If we determine that technical societies capable of interstellar communication are common and not prone to self-destruction; it is still not obvious that they will be eager to communicate with us. Many will be cautious about talking to strangers and choose only to listen, others may tire of SETI after the first success–just as I suspect we will, as much as I hate to admit it! In fact, the more likely a culture is to engage in SETI, the more likely that it already has all the correspondents it wants. Once a SETI-prone species makes contact, it may prefer to cancel expensive searches using energy-inefficient methods and concentrate on upgrading its existing communications and refining its technologies. In other words, if CETI is common and widespread in the Galaxy, newcomers will probably not be sought out very aggressively.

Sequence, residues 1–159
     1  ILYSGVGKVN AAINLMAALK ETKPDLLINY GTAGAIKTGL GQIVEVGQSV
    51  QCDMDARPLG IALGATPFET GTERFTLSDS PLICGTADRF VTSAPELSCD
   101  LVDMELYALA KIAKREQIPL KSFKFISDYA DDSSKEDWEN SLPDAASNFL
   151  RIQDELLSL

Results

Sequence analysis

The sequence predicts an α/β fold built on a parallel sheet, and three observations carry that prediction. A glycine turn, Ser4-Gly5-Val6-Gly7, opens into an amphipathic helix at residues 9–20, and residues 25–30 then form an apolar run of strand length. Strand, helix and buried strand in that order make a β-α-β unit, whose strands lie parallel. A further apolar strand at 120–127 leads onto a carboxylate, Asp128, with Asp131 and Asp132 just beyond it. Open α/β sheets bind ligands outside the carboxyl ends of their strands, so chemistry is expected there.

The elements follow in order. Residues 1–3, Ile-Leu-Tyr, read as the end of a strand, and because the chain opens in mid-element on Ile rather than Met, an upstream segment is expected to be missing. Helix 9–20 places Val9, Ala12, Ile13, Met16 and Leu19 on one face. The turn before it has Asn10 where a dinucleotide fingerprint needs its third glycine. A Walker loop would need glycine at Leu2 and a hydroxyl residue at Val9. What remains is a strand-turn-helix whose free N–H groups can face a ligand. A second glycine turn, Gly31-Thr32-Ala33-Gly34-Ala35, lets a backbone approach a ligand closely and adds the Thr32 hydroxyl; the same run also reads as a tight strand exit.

The limiting factor in interstellar communication is not distance, but time. Even neighboring civilizations might be highly separated in time, time also affects the conduct of individual contacts. Centuries have to pass before each transmission’s success can even be evaluated. If we assume that during the course of its existence the Galaxy has hosted a million technical societies, and each of them survived an average of a million years, at any one time we could expect only a hundred active cultures in the entire Galaxy–about one for every billion stars. These numbers are not very encouraging, the average age of a civilization is one of the big teasers in the Drake Equation. For ETIs to be common enough to find easily this value has to be inordinately high. It seems inescapable that even if civilizations are very common, at any one time they are few and far between.